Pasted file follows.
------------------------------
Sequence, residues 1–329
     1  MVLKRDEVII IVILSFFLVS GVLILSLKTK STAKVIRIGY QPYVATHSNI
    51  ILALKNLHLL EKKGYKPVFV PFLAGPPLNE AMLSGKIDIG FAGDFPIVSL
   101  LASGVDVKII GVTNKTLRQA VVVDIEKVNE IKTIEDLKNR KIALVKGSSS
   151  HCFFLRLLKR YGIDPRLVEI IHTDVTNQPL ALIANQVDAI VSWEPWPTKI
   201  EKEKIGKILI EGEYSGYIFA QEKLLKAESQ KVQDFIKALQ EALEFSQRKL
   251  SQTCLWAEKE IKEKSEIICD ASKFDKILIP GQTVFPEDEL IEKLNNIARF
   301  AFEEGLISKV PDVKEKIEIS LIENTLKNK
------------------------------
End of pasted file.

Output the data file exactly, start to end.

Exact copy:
Sequence, residues 1–329
     1  MVLKRDEVII IVILSFFLVS GVLILSLKTK STAKVIRIGY QPYVATHSNI
    51  ILALKNLHLL EKKGYKPVFV PFLAGPPLNE AMLSGKIDIG FAGDFPIVSL
   101  LASGVDVKII GVTNKTLRQA VVVDIEKVNE IKTIEDLKNR KIALVKGSSS
   151  HCFFLRLLKR YGIDPRLVEI IHTDVTNQPL ALIANQVDAI VSWEPWPTKI
   201  EKEKIGKILI EGEYSGYIFA QEKLLKAESQ KVQDFIKALQ EALEFSQRKL
   251  SQTCLWAEKE IKEKSEIICD ASKFDKILIP GQTVFPEDEL IEKLNNIARF
   301  AFEEGLISKV PDVKEKIEIS LIENTLKNK